The other details we came up with are better presented in context, so let’s get into the session re-cap, shall we?
The session kicked off with a super-armored bus rolling up outside of the entrance to the junkyard. Jason and Trench were doing their usual thing that morning, and the bus was definitely unexpected. From first glance, the super-armored bus had no one in it. Even the “people” on the top of it were no more than mannequins.
Meanwhile, a couple of gang members named Tinder and Grinder (yeah, we did that) showed up at the Archive, looking twitchy and weird. They asked Smithsonian for… something undefined, and they pulled weapons. Smithsonian and Omi Wise (his co-librarian) managed to get them out of the Library, though one of them was bleeding on the market below (Grinder, I think).
Trench came inside with news about the bus and Kobe came out to investigate. They asked Dune to take care of the mess inside.
We’ll stick with Dune and co for now.
Dune managed to talk his way into the Archive, convincing Omi Wise to let him in to see whatever it was that Tinder and Grinder were looking for. Turns out that they were looking for an old tube amplifier/circuit board, something to do with amplifying radio waves. Also, Dune grabbed a vial of white powder that rolled out of the bleeding Grinder’s pocket. No idea what that is yet.
Dune and Smithsonian then took Tinder and Grinder down the elevator to the basement where the holding cells are. That’s when Warehouse 141 shook, the sound of an explosion heard in the distance, and the elevator stopped halfway down.
Kobe headed out to investigate the bus. They’d have sent their 2nd in command, but Jeanette was off trying to cut a deal with the gang to which Warehouse 141 owes protection. Kobe didn’t approve, but Jeanette is strong-headed.
The bus itself hadn’t moved during this time. They looked, came near, but… nothing. Then the ground shook, a plume of smoke rose from the area of the dam, to the south, and Kobe ordered their gang members to open fire on the bus. Bullets spanged and popped against the armored hull, to no effect.
Then, Kobe looked up to where their lookouts were supposed to be, and saw… nothing. Kobe’s player had made a move, trying to control the gang, and got a result that indicated some of the gang would betray them. This was that betrayal. The bus? No bullets actually hit it. There were small explosives rigged to the sides to make it look like there were, though.
Everyone then high-tailed it down the the dam. This is after getting Smithsonian and Dune out of the elevator. Jason brought two cars from storage and everyone rolled down.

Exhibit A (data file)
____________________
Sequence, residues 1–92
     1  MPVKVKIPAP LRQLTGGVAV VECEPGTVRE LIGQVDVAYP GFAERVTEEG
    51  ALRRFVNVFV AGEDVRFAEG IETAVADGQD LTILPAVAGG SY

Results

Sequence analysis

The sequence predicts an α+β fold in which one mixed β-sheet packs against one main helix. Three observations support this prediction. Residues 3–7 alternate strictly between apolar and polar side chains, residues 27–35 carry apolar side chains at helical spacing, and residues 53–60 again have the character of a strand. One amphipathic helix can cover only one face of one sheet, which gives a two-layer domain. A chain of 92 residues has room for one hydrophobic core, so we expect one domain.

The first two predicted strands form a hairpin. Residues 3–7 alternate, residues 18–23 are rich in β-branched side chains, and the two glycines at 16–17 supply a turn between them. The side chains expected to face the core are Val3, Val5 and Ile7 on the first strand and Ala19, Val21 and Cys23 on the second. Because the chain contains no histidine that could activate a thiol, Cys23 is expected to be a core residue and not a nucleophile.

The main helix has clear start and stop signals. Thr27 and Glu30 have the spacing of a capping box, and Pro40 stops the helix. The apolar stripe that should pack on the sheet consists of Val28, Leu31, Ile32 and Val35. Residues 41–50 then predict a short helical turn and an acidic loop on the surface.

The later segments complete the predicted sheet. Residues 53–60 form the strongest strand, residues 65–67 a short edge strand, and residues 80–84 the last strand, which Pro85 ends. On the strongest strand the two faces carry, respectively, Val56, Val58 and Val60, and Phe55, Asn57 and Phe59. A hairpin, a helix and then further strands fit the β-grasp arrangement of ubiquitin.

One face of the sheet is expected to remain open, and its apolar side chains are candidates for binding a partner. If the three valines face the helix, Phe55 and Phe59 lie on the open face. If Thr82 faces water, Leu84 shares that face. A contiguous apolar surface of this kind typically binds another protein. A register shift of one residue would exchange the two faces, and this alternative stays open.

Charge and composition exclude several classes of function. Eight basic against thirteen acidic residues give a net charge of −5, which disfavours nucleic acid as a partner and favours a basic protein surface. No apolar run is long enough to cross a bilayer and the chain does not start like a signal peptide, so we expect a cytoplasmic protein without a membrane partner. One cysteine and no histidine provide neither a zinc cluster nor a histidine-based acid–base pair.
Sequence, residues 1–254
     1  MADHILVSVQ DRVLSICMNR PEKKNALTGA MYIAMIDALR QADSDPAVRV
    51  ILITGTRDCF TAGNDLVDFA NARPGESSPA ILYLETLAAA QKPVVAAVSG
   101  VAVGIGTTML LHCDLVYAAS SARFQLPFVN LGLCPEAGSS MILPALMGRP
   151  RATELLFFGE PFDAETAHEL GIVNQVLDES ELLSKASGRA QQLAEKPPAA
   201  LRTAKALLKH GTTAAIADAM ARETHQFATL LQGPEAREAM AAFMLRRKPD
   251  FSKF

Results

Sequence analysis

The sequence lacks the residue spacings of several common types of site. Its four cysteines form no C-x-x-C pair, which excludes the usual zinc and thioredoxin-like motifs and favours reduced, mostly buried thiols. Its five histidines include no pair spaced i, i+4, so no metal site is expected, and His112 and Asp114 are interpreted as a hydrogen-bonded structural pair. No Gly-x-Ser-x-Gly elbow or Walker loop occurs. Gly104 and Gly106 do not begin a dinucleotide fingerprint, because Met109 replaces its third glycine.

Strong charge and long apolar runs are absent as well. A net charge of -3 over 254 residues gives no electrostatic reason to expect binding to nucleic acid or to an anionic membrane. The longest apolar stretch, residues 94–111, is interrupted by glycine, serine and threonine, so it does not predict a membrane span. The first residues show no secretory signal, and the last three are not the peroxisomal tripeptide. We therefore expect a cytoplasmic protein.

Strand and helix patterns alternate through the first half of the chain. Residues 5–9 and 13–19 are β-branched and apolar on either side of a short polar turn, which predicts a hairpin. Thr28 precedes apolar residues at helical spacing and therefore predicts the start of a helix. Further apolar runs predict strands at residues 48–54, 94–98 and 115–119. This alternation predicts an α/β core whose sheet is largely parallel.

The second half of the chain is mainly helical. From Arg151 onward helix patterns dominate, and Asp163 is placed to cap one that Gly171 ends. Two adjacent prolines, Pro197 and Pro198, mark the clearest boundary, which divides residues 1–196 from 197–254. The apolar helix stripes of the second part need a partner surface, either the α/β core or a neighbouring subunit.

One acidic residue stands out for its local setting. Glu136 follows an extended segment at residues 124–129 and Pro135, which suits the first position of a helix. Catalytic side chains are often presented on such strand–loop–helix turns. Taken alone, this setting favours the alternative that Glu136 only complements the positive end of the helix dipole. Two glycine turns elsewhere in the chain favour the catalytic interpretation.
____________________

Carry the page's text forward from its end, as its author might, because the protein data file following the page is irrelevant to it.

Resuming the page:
Jason and Kobe got there first, with the others not far behind. Near the dam, there were bodies everywhere. And the dam? The intermittent source of power for the entire Hardhold? Near-ruined. And the bodies? Trench showed up, and having seen no living targets, went after a dead body with her nail-studded club. Unfortunately for Trench, none of the bodies were bodies, but instead were more mannequins, rigged with explosives.
Trench lived, and Kobe got everyone back to Warehouse 141. Jason stayed near the dam long enough to know it would take a long while to get things back up and running. And the bus? Kobe got the back of the bus open and moved to the front. There, they found Jeanette, strapped with explosives, tied to the front seat. That’s where we ended the session.
Where It All Came From
I had none of this planned when we started. It’s my preferred way of running games, and I love that Apocalypse World starts off this way. The good thing is that Apocalypse World gives you the tools to take things beyond that.
I’m not great as session prep. It’s why I like to improvise sessions. The problem is, as the years have gone on and I’ve found myself with less time to prepare, I’ve become over-reliant on my ability to wing things. But Apocalypse World is changing my mindset in an important way. One of the Agenda items is “Play to find out what happens.” I’m all for that. To make it work, you have to ask questions. The MC/GM doesn’t just decide what will happen: they follow the Agenda, the Principles, and they ask questions about things they think might be interesting to see.
This works for any game. If you put yourself in the mindset of wanting to see how the characters react, and how things will unfold without your needed to prepare everything, then questions are where it’s at.
This post is getting long, so I’m going to wrap it here. Next time, we should be another session deeper into the game, and I’ll show you the questions I used to make my Fronts and Threats. In the meantime, what questions do you have? Something about the system? The session? Life in general? Ask and I’ll try to answer.
Until next time.